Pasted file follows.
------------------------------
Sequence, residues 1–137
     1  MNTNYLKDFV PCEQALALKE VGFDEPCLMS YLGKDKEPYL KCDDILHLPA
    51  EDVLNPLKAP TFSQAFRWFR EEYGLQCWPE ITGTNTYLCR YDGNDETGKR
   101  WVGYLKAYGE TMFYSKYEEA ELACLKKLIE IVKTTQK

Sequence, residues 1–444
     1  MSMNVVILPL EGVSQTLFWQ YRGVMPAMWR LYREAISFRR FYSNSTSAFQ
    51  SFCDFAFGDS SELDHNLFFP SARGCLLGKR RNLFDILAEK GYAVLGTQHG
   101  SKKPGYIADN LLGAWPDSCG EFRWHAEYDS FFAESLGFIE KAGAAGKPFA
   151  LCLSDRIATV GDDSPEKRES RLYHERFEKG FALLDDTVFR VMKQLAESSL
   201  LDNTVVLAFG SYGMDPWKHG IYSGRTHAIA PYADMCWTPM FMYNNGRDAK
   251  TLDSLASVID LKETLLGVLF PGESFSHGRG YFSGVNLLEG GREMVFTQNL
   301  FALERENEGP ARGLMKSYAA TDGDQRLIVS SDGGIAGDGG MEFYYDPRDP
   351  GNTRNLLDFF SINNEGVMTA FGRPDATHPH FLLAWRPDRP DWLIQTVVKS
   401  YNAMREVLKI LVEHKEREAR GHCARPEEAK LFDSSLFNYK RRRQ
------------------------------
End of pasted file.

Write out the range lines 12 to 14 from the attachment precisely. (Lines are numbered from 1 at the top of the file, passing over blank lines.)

   301  FALERENEGP ARGLMKSYAA TDGDQRLIVS SDGGIAGDGG MEFYYDPRDP
   351  GNTRNLLDFF SINNEGVMTA FGRPDATHPH FLLAWRPDRP DWLIQTVVKS
   401  YNAMREVLKI LVEHKEREAR GHCARPEEAK LFDSSLFNYK RRRQ